Self-report is generally reported to correlate poorly with adherence as determined by drug concentration in plasma.[1,3] In our study, we found similar results, as self-reported adherence overestimated adherence measured by TFV concentrations by a factor of 2. However, we observed the same decreasing trend in adherence persistence using self-report and TFV plasma concentrations. This overestimation can be attributed to social desirability and recall biases, especially when we assessed optimal adherence. Indeed, in our study, participants were regularly counselled on the importance of adherence for PrEP effectiveness. In this case, participants may have feared being judged if they reported suboptimal levels of adherence. For this matter, we also evaluated a less stringent cut-off of adherence (detectable vs undetectable) to compare adherence using self-reports and using TFV concentrations. We found that even though adherence using self-report overestimated adherence compared to TFV plasma concentrations, there was no difference in the trends over 24 months of follow-up. This finding suggests that self-reports of imperfect adherence can be trusted in our study despite the overestimation. We used FTFIs in this study because on their ease of use and low-cost. However, the literature suggests that other modes of self-report offer more privacy and are therefore less affected by social desirability biases. These modes include self-administered questionnaires and computerized interviews such as ACASI (Audio computer-assisted self-interview).[26,27] Given the research context of a resource limited country like Benin and the level of literacy of our study population, we chose FTFIs for data collection. Moreover, in the VOICE study, ACASI did not improve the accuracy of self-reported product use compared with FTFI, despite previous research indicating that ACASI is preferred by participants and may increase reports of sensitive behavior.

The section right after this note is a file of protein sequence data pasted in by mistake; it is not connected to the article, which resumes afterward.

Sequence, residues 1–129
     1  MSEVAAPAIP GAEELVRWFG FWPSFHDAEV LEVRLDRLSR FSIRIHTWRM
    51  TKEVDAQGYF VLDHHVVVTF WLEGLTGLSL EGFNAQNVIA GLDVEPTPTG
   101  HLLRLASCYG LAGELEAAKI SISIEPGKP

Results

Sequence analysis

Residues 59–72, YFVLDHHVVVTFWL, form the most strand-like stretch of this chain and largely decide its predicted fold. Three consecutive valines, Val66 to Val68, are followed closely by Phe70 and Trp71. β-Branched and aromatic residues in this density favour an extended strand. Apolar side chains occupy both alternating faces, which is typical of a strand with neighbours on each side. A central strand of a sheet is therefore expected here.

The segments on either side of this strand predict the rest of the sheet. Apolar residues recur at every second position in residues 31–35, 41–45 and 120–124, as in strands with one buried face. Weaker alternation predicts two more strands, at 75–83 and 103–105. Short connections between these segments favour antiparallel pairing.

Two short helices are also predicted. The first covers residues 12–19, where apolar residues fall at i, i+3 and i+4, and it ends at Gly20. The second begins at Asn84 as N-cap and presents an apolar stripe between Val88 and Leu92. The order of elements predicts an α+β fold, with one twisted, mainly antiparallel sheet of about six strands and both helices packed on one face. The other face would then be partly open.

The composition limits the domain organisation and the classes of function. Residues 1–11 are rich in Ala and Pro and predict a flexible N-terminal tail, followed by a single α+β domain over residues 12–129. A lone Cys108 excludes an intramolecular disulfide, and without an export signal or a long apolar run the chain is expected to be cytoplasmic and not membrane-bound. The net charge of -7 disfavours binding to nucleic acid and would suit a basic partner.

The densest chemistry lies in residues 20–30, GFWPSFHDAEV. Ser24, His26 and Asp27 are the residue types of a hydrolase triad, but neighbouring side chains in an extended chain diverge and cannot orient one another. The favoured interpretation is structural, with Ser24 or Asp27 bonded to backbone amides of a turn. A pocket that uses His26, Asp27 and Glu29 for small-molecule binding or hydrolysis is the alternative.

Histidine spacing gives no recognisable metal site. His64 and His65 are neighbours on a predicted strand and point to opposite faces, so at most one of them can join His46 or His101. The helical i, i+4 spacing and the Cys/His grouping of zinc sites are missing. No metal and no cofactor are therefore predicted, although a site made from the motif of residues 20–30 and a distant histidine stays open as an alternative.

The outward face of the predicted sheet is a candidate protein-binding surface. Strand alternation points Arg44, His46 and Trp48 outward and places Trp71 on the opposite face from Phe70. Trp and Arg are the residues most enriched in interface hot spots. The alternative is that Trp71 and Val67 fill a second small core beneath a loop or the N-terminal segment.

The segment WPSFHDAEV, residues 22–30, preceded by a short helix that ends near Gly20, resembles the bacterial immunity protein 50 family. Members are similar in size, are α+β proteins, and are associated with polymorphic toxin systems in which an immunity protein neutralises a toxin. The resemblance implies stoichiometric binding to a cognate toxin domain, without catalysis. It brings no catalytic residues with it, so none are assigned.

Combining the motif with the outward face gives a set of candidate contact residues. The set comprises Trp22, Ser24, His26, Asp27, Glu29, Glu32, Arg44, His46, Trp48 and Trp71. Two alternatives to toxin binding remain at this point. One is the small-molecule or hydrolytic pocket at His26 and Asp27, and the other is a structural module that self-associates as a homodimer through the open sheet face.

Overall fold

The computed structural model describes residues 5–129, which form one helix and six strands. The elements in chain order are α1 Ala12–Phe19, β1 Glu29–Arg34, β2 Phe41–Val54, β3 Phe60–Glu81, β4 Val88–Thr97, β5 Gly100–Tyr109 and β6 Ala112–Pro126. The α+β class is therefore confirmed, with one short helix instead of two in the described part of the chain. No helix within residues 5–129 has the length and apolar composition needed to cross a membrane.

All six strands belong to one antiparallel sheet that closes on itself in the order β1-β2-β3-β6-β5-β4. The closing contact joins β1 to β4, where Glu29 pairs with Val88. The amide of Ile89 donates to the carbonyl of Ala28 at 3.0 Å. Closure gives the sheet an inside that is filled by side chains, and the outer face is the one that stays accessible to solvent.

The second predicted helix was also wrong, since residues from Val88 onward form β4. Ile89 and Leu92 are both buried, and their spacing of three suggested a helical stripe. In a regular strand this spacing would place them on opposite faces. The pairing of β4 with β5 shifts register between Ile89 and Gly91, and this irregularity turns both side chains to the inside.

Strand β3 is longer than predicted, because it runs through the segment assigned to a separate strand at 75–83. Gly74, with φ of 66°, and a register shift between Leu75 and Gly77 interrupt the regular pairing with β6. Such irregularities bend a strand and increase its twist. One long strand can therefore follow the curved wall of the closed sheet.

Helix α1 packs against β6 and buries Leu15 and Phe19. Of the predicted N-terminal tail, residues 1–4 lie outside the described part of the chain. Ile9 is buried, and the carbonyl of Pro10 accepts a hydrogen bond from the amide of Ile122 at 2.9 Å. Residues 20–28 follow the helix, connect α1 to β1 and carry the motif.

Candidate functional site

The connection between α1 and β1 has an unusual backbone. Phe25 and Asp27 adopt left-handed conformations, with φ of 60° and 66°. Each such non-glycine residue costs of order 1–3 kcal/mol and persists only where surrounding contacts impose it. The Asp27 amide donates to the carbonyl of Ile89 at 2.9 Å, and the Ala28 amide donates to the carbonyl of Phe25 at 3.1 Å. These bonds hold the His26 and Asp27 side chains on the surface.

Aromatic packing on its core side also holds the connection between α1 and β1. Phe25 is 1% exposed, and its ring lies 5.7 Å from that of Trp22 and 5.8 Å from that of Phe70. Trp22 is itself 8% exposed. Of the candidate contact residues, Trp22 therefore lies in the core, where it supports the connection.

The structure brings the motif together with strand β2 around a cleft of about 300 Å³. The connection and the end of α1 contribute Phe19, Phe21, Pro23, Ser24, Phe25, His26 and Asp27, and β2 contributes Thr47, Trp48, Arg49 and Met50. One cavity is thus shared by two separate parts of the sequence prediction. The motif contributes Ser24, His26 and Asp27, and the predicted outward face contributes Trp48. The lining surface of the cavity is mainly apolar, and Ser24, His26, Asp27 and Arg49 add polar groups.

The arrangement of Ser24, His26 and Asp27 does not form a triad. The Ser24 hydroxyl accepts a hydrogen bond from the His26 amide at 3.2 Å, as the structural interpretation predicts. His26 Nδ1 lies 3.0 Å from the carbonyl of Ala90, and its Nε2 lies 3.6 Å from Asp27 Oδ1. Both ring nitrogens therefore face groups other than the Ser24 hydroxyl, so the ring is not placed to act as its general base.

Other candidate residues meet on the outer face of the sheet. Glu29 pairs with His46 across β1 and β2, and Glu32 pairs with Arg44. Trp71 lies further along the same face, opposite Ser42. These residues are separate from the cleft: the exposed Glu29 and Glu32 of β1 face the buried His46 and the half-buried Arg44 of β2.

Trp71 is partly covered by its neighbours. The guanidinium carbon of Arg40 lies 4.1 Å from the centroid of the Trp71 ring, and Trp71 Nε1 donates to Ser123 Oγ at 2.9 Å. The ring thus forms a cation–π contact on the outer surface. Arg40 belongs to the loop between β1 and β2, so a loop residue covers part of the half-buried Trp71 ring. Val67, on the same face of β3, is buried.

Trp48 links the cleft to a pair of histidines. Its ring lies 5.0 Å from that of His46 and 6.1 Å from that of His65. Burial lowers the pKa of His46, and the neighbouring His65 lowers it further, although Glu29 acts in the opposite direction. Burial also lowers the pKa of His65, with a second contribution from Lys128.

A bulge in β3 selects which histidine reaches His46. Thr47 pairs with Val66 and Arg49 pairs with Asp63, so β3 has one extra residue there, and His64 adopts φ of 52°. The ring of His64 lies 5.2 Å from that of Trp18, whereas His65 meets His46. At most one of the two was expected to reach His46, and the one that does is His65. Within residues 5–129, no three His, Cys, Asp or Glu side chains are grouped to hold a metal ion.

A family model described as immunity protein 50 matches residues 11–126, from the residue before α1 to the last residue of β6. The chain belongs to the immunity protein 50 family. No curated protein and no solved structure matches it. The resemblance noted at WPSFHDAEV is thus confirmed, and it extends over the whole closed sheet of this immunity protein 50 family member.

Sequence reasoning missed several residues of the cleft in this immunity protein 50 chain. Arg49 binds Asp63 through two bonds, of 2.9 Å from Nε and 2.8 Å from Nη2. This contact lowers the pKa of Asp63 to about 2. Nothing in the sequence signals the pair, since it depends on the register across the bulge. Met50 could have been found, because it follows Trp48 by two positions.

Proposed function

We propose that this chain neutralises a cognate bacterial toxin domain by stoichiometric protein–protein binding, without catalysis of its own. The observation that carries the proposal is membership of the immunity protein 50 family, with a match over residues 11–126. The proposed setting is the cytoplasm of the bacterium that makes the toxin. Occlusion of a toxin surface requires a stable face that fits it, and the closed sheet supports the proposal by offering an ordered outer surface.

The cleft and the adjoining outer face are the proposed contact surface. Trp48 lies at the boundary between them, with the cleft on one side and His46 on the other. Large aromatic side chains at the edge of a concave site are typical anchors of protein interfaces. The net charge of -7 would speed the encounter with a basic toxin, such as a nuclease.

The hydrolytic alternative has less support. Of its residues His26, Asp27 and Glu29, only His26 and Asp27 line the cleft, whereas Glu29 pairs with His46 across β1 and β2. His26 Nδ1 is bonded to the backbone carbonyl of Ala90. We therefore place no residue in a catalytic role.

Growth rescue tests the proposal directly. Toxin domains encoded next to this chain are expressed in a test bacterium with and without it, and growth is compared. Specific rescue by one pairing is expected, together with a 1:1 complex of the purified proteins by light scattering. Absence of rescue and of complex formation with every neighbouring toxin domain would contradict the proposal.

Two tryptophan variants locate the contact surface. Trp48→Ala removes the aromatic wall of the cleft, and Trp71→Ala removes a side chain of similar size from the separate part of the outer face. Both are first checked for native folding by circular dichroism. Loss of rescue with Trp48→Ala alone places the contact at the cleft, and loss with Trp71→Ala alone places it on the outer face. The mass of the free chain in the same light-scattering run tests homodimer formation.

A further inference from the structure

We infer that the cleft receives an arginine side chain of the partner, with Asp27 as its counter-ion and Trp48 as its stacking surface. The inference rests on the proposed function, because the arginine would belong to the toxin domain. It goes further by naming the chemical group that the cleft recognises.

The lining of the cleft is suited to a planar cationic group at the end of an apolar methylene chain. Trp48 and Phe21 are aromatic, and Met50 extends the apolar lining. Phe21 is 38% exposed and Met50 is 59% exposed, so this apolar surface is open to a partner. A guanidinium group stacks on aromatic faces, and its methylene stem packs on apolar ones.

We also found that although detectable adherence using pill count overestimated adherence measured using TFV concentration, there was no difference in the trends. Both measures showed a decrease in adherence during the study period. We believe the difference between the 2 measures was primarily due to social desirability bias. Indeed, participants may have removed pills from the bottle to give appearance of adhering.[4,28] In our study, some participants reported transferring all their pills from the medication bottles to plastic bags to avoid stigmatization. They were afraid to be seen by their entourage (peers, family members, regular partners, and so on) with a medication known to treat HIV. Another explanation for the misclassification of adherence using pill count could be pill sharing. However, participants were told that the medication was only for their personal use. Additionally, many participants did not bring back their medication bottles for pill count during study visits, which also led to a higher number of missing values for pill count compared to other adherence measures. We thus believe that adherence measures by pill count largely overestimated the actual adherence levels of the FSWs. A qualitative study to understand the reasons for low adherence was conducted and results will be presented in a subsequent publication.